Crypto industry is on the rise in South Africa with many more players joining the party. According to data from Google trends, South Africans have shown an increasing interest in cryptocurrencies since the time of the “bitcoin boom.” A new survey showed that 38% of South Africans wished they had invested in cryptos earlier and 71% were positive about cryptocurrencies saying that “you can make a lot of money with them.”
In February this year, the South African budget review shows that the volatile nature and uncertainty about the sustainability of cryptocurrencies could pose financial risks to the South African Income Tax System coupled with administration challenges from a VAT perspective.
However, new proposals have been made in the budget review requesting that income Tax and VAT laws should be amended. Thus, virtual currencies may soon be considered as financial services in compliance with the Value-added Tax (VAT) Act, according to the two new draft proposals by the National Treasury.
The proposals “Draft Taxation Laws Amendment Bill 2018 (TLAB) and Draft Tax Administration Laws Amendment Bill 2018 (TALAB)” are currently undergoing public consultations and the public is invited to give comments. After the public comment, it will then be formally discussed in the Parliament in October 2018.
Attempting to explain the proposal, Gerhard Badenhorst, director at law firm Cliffe Dekker Hofmeyr, noted that if the proposal to consider cryptocurrencies as financial services is accepted and passed into law, then all crypto-related activities will be exempted from VAT, in accordance with the provisions of section 12 (a) of the VAT Act.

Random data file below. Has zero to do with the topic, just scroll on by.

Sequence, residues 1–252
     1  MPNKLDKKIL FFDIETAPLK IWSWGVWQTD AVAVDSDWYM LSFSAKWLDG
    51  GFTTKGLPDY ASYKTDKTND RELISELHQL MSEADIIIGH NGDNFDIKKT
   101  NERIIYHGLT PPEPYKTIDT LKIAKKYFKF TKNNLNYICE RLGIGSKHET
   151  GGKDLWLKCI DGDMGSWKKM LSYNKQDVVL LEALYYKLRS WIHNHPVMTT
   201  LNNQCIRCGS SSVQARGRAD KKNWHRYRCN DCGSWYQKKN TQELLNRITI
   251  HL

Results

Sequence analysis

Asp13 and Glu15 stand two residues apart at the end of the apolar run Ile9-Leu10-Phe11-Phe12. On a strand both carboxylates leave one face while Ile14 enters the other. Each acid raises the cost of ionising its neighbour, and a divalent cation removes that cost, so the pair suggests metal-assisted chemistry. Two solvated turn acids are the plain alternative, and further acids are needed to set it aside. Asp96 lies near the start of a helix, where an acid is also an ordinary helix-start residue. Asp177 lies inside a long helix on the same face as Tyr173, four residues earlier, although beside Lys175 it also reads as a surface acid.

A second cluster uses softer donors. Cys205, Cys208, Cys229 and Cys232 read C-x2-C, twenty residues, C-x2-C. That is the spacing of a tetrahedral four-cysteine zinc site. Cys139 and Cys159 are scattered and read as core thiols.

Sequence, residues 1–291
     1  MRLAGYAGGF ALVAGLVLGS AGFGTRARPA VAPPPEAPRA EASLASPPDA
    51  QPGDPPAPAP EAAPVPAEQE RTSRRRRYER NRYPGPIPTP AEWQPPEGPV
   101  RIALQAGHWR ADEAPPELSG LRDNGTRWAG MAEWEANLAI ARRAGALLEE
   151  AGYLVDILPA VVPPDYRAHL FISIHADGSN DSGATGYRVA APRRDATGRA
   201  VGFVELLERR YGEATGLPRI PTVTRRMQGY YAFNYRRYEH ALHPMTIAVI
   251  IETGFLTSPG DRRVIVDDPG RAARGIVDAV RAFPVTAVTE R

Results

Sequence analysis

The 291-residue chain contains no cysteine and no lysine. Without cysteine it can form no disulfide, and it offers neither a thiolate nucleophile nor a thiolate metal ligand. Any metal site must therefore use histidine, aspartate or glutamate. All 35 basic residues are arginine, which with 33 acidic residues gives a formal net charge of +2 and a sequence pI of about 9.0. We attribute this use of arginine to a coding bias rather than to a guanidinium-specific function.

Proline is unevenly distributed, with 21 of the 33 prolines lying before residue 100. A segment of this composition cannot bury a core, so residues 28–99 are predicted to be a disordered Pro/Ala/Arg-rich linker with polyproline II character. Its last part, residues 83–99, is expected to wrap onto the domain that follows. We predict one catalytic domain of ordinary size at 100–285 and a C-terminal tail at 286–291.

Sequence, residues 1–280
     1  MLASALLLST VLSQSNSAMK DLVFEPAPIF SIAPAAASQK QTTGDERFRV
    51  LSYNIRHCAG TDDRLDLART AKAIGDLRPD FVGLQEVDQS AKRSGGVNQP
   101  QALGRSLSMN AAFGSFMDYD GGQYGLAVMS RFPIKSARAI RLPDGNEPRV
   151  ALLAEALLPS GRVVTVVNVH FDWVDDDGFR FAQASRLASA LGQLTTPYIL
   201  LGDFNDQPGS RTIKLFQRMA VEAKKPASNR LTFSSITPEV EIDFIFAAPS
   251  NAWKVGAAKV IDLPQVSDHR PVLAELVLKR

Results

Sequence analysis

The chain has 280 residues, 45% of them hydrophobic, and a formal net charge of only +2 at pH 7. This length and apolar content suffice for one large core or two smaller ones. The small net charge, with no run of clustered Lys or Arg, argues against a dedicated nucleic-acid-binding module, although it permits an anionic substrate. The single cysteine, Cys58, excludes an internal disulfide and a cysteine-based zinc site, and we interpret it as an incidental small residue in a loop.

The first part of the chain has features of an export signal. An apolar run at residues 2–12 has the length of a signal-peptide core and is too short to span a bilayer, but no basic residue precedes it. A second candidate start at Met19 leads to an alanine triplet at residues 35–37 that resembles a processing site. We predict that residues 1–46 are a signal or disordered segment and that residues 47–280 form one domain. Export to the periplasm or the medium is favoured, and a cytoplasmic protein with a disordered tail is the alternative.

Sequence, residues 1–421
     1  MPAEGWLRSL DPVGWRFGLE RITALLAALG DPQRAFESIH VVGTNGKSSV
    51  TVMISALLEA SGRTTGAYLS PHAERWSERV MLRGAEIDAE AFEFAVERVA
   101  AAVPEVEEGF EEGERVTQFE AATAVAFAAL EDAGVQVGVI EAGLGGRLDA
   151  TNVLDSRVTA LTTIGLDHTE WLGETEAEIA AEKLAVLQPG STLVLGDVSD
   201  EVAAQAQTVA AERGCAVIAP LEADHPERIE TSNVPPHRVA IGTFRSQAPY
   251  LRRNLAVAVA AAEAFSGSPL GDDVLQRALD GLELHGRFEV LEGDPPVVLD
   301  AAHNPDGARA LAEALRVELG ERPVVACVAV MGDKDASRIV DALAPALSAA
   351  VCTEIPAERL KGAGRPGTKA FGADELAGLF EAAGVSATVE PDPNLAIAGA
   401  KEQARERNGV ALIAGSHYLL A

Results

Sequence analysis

In his words “If the crypto-currency transactions are exempt from VAT, then no VAT will, of course, be payable on the sale or supply of cryptocurrencies.”
Even if crypto trading income exceeds R1 million ($75,046) stipulated in VAT registration threshold, suppliers are not entitled to register for VAT neither will any VAT be deducted in any related activity.
Badenhorst further explained that there are implications that require consideration, saying:
“A VAT-registered person may, however, deduct the VAT charged by the supplier of the goods or services if the goods or services are acquired for the purpose of making taxable supplies.
Where a supplier of goods or services accepts cryptocurrency as payment for a supply of goods or services, the supplier must convert the value thereof into South African rand and must issue a tax invoice in rand to the recipient.”